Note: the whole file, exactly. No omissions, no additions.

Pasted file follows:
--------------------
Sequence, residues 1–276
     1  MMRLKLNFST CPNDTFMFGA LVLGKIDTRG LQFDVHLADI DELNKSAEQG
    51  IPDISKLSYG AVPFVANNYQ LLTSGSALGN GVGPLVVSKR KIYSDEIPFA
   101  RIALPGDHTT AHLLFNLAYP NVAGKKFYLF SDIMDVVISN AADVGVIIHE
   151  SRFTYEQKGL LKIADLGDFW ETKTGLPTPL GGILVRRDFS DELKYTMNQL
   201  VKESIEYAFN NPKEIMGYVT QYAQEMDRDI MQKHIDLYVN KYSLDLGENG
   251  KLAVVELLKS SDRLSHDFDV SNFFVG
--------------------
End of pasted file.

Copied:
Sequence, residues 1–276
     1  MMRLKLNFST CPNDTFMFGA LVLGKIDTRG LQFDVHLADI DELNKSAEQG
    51  IPDISKLSYG AVPFVANNYQ LLTSGSALGN GVGPLVVSKR KIYSDEIPFA
   101  RIALPGDHTT AHLLFNLAYP NVAGKKFYLF SDIMDVVISN AADVGVIIHE
   151  SRFTYEQKGL LKIADLGDFW ETKTGLPTPL GGILVRRDFS DELKYTMNQL
   201  VKESIEYAFN NPKEIMGYVT QYAQEMDRDI MQKHIDLYVN KYSLDLGENG
   251  KLAVVELLKS SDRLSHDFDV SNFFVG